Jacques Gordon has worked in the automotive industry for 40 years as a service technician, lab technician, trainer and technical writer. His began his writing career writing service manuals at Chilton Book Co. He currently holds ASE Master Technician and L1 certifications and has participated in ASE test writing workshops.
When diagnosing a check-engine light or drivability issue, you can learn a lot by looking at fuel trim data on a scan tool. Fuel trim can be affected by just about anything between the air filter and the muffler, including sensors, injectors, ignition, EGR, the engine’s mechanical condition and even the crankcase ventilation system. Fuel trim numbers alone won’t provide a complete diagnosis, but if you know what to look for, those numbers can lead you in the right direction.
Global OBD-II fuel trim reporting was standardized for all manufacturers in 2005 and later models equipped with a CAN bus control system. That’s what we’ll focus on here, but the same basic principles apply to all model years.
What is fuel trim?
The amount of fuel required to operate an engine correctly depends upon the amount of air flowing into the combustion chambers. Since the driver controls airflow (load) with the accelerator pedal, the powertrain control module (PCM) can only control fuel. It uses sensors to measure or calculate airflow, consults an air/fuel ratio map in its permanent memory, then chooses the correct injector pulse width to match that airflow. That pre-programmed injector pulse will provide exactly one gram of fuel for each 14.64 grams of air (a stoichiometric air/fuel ratio), but the PCM almost always adjusts injector pulse width to provide more or less fuel than specified in the map. That adjustment is “fuel trim.”
There are two types of fuel trim, long-term and short-term, and the numbers are displayed on the scan tool as a percentage of fuel added to or subtracted from the pre-programmed fuel quantity.
Volkswagen calls fuel trim “oxygen sensor adaptation,” and Ford classifies fuel trim as a “continuous monitor” that runs when the fuel control system is in closed loop operation. This shows us that fuel trim is an ongoing calculation based on data reported by the oxygen sensor. Extra oxygen in the exhaust indicates a lean air/fuel mixture, so the PCM increases injector pulse width to add more fuel (positive fuel trim). Too little oxygen in the exhaust indicates a rich mixture, causing the PCM to reduce injector pulse width (negative fuel trim).
The formula for fuel trim calculation is:
Fuel mass = Air mass x (short-term fuel trim x long-term fuel trim) divided by (equivalence ratio x 14.64)
Understanding these terms and their relationship will help you understand how to use fuel trim data shown on a scan tool.
This is the desired air/fuel ratio, a command issued by the PCM. Greater than 1.0 is the command for a rich air/fuel ratio, and less than 1.0 is a command for a lean mixture.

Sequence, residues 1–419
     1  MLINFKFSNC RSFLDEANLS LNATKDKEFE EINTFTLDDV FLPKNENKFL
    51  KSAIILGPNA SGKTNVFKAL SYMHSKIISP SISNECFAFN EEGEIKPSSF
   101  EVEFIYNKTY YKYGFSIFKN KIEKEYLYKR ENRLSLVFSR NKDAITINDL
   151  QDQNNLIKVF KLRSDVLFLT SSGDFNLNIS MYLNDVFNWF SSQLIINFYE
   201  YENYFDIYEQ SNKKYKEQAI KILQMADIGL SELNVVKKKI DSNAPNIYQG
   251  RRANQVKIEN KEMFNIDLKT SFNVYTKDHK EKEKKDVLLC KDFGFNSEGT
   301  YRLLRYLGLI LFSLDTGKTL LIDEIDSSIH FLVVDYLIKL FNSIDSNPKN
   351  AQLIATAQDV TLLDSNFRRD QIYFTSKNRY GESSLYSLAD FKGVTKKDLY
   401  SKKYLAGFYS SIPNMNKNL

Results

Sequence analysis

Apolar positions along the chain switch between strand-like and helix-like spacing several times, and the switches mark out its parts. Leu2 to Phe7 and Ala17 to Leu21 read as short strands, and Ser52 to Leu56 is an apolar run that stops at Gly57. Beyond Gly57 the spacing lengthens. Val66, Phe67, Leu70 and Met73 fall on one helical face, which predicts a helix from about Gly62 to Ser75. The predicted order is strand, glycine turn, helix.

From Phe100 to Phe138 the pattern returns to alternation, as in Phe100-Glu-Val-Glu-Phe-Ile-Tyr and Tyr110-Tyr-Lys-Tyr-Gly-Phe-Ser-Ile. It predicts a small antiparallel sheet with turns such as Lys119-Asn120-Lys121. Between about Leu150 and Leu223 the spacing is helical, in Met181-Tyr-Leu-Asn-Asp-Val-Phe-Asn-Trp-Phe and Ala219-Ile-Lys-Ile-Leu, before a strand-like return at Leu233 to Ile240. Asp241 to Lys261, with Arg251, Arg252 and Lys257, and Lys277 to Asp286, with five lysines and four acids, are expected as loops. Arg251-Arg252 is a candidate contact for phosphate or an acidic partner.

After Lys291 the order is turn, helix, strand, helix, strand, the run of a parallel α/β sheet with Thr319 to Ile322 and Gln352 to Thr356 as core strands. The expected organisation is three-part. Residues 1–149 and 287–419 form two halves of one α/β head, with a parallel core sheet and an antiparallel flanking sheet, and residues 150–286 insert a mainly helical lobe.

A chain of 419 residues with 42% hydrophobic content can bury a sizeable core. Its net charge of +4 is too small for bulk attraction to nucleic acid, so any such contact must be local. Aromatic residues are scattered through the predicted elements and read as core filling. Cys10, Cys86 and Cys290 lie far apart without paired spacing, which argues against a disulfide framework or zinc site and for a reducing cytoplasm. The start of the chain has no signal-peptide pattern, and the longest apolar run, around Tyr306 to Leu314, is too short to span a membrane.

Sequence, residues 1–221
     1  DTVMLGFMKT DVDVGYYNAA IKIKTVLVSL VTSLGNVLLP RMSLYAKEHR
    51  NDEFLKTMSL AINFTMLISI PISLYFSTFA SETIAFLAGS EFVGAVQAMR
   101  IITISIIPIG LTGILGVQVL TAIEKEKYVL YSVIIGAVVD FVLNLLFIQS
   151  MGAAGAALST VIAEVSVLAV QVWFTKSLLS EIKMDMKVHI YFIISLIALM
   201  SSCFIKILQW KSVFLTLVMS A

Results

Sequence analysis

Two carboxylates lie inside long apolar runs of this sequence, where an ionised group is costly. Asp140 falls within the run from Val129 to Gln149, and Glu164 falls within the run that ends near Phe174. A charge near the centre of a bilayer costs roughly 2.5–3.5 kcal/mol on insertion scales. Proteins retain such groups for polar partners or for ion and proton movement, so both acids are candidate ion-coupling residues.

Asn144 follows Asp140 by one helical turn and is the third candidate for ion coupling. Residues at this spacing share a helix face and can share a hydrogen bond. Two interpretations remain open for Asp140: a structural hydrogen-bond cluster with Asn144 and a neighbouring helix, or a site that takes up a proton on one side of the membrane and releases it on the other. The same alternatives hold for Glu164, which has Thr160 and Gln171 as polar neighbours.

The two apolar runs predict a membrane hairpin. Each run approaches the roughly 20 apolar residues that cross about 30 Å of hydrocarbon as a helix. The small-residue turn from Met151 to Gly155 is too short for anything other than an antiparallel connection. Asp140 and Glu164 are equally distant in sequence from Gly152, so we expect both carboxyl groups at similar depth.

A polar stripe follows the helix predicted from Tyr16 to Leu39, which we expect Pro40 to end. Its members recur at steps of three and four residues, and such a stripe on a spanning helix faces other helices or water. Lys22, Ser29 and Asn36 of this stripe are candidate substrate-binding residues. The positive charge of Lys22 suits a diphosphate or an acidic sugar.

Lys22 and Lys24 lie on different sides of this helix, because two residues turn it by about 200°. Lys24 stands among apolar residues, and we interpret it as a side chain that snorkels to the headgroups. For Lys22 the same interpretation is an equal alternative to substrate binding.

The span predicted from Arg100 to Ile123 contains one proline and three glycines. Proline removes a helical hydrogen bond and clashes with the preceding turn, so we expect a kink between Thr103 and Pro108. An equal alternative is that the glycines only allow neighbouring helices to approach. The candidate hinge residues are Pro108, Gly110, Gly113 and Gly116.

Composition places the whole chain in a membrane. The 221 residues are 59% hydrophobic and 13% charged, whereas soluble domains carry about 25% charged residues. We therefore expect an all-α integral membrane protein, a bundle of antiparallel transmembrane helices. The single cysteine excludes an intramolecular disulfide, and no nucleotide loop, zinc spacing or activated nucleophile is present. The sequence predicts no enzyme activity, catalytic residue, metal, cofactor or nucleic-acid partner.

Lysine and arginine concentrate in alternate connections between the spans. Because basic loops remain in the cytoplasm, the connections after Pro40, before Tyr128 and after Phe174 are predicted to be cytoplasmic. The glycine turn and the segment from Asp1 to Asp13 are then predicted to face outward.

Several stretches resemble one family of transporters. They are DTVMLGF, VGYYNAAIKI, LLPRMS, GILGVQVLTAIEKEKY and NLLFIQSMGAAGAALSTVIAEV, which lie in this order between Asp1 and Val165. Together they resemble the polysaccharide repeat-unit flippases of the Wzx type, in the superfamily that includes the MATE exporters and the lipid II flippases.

Under steady-state conditions, this command constantly rises and falls to alternate between rich and lean mixture for proper catalyst operation. Many scan tools will display and graph this number in Global OBD-II.
Short-term fuel trim (STFT)
During normal closed-loop operation, the PCM uses short-term fuel trim (STFT) calculations to constantly command the air/fuel ratio slightly rich and then slightly lean. This is necessary for the catalytic converter to do its job correctly, and the average of the rich/lean swings will be in or near the middle of the oxygen sensor’s signal range. You can see this by displaying graphs of equivalence ratio, the oxygen sensor and STFT on a scan tool.
At idle the graphs will mirror or “chase” each other: they won’t have the same shape, but as one rises, the others will follow or fall.
Long-term fuel trim (LTFT)
As the engine ages and the cylinders don’t seal evenly anymore, the short-term fuel trim may trend high or low most of the time. The PCM has the ability to learn this trend and store it in memory, and it will use that number in the fuel trim calculation to compensate for the changes causing the trend. That’s long-term fuel trim (LTFT). Since fuel trim is an ongoing calculation, keeping one factor in the calculation constant makes it possible to return STFT to its normal range, enabling a faster and more accurate reaction to bigger changes in operating conditions, such as acceleration.
In general, it takes anywhere from five to 20 seconds for LTFT to change, and since it’s stored in memory when the engine is switched off, that same LTFT value is used next time the system goes into closed-loop operation.
These three variables in the fuel calculation — STFT, LTFT and equivalence ratio — are all generated by the PCM. The only other variable, air mass, is measured with a sensor.
To understand how the variables influence fuel trim, consider this: When the system is in open loop, there is no fuel trim because the PCM holds the three controlled variables at 1.0. The only variable that affects fuel requirement is airflow, and the calculation looks like this:
Fuel mass = Air mass x (1 x 1) divided by (1 x 14.64)
Some people think of LTFT as a coarse adjustment and STFT as fine adjustment. A more technical definition would be additive and multiplicative. Additive fuel trim calculations (STFT) won’t change much with engine speed or load. For example, a vacuum leak would produce an additive calculation because the effects of that leak increase very little with increasing engine speed. Multiplicative fuel trim calculations (LTFT) are greater as engine speed or load increases because, for example, the effect of a partially clogged injector increases as speed and load increase.
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